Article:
Thursday, 26 May 2016

A Short History of the Dwarves - II

Look for the Silver Mining

Part two of a blogged description of my first Total War: Warhammer campaign, playing as the Dwarfs!

The grudge has been called, the grobi scum must die. Fight time!

This is my first actual fight in the campaign. The starter battle was a quick and cinematic show-off, giving me pre-picked and highly experienced troops in a one-sided romp. This time, even if the kid gloves aren't quite off, it's my fight to lose.

Gnashrak is conveniently parked nearby, what with being part of the early game tutorial. The High King's Throng descends belligerently upon him like an az dropped on a naked toe.

There's 571 of us and only 421 of him. I get wrist lock just thinking about painting it. 

After seeing this preview of what to expect in the coming fight, we cut to the battlefield. The dry soil of the high passes is uneven and spotted with pines, with a pair of deep depressions across the centre of the field.

Deployment - I'm in yellow, the orcs in red. 
Here we are zoomed in to enjoy the action. As pleasant a stretch of sundried highland as I've ever slaughtered an orc on.
In many ways, it's just like the tabletop. I can stick my units anywhere the terrain allows within the deployment zone. My miners have vanguard deployment, however, so they can go pretty much anywhere. And also hide in forests, so I decide to use that. A strong line of dwarven infantry, missiles all down one end, and the miners ready to spring the trap and hit the orcs in the flank once they close.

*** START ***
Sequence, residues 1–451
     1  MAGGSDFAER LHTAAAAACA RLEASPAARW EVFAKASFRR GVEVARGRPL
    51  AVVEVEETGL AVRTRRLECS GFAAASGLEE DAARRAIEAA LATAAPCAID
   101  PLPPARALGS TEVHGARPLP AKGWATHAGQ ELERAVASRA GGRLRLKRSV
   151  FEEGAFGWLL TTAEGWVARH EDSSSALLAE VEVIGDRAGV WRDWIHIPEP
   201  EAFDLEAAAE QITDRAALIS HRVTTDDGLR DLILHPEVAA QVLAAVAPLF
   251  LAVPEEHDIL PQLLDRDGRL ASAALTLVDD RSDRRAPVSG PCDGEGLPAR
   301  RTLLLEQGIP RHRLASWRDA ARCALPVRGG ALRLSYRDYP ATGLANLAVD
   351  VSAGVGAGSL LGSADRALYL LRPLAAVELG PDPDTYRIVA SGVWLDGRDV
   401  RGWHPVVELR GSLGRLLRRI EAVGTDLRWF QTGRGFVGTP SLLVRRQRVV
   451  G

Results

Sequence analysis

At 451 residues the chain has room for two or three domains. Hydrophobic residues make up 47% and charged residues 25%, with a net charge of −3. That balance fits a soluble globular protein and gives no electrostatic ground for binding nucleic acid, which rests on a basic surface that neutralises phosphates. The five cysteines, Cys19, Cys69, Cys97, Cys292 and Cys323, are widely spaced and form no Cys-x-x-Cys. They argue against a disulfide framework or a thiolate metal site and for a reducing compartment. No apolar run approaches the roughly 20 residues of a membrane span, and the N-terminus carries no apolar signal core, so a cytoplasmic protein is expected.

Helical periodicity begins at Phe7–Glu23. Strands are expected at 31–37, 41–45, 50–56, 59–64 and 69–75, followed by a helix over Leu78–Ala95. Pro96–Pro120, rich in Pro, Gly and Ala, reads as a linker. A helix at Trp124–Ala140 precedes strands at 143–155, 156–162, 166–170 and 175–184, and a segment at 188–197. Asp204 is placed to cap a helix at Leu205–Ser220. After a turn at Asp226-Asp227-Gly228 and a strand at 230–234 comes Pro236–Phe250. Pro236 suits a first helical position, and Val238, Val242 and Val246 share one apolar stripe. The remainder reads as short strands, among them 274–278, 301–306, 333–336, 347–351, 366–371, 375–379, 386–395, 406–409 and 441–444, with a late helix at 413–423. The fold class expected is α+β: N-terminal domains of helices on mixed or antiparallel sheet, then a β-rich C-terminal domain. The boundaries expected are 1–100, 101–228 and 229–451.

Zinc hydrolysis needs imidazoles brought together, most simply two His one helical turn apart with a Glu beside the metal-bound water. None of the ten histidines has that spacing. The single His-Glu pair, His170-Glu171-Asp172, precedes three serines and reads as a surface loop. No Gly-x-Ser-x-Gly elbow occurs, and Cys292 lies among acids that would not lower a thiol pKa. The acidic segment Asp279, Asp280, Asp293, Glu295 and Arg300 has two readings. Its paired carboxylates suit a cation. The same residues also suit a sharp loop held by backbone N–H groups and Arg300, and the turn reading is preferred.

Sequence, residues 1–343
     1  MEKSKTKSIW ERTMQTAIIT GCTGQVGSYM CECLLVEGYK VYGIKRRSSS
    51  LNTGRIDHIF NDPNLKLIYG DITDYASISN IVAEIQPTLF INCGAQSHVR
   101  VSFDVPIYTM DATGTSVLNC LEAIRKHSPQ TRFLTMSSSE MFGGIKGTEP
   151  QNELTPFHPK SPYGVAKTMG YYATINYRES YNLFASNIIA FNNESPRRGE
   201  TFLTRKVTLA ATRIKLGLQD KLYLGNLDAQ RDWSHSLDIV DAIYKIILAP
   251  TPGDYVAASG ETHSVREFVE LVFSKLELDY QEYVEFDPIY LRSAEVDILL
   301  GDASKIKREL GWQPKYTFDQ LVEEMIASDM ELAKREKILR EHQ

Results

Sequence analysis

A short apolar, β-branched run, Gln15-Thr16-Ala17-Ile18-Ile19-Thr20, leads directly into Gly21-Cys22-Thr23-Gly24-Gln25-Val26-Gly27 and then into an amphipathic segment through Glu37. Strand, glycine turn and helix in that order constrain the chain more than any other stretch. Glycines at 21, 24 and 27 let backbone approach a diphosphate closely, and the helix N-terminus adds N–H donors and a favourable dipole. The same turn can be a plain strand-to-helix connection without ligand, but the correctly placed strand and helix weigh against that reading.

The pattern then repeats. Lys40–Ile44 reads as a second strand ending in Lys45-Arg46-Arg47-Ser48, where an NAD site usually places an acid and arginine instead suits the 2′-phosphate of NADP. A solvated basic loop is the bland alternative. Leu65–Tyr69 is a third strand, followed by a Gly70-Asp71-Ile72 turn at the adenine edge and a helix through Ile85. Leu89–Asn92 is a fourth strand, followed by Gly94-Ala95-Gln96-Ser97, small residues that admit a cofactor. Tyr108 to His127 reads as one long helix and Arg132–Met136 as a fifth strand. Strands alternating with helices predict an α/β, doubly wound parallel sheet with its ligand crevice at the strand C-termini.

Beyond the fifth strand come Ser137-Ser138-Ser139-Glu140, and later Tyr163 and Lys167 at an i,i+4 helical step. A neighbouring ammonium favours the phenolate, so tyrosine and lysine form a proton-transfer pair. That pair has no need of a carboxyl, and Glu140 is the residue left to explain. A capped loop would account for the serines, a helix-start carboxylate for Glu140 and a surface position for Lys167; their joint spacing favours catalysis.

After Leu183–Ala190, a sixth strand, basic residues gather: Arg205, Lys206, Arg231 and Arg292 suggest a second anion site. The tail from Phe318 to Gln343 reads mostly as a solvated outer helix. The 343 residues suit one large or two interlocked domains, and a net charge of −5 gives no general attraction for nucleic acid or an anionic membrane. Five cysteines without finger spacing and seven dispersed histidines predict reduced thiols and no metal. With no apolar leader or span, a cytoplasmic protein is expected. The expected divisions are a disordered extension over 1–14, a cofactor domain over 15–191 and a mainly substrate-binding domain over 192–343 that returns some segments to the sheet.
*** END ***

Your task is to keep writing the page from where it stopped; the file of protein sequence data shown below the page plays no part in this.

My plan goes awry straight off the bat - I've underestimated how slow dwarves are. The miners are in a lovely place to spring their ambush, but only if the orcs politely wait just in front of the main force for about ten minutes. Plodding, that's about the best the burly diggers can do.

Luckily, I don't need to worry too much. The greenskins are about fifty-fifty archer and melee troops, led by their warboss. He's a unit to himself, much like Thorgrim and the La-Z-Boy of Power. I outnumber them, and more than half of them are missile troops? We all know how good greenskins are at shooting. Piece of cake. 

Sure enough, the incoming orc warriors take a battering from hurled grudge rocks and quarrels on their way in. Enough that my infantry line give them a good hiding and send them on their way. But I learn several lessons in the course of the fight, enough that I know I'm going to have a tough campaign ahead of me. 

And everybody said "Sit down! Sit down, you're rocking the boat!"

Lesson one is that the High King isn't quite as tough as I thought. That intro battle featured him at maximum experience, full of buffs and tricks. Here, he loses about two thirds of his health to Gnashrak before chasing the orc off. He doesn't even have any magic items yet, although he does earn a Razor Banner from the fight.

Lesson two is that dwarf speed is a problem. Not just from the failed plan, not just from the fact that Gnashrak manages to escape his final justice by legging it, but from the damned greenskin archers. Yes, my crossbows can cut them to pieces, but only by focussing fire. 

There they go - white banners hang over broken units, like shameful laundry.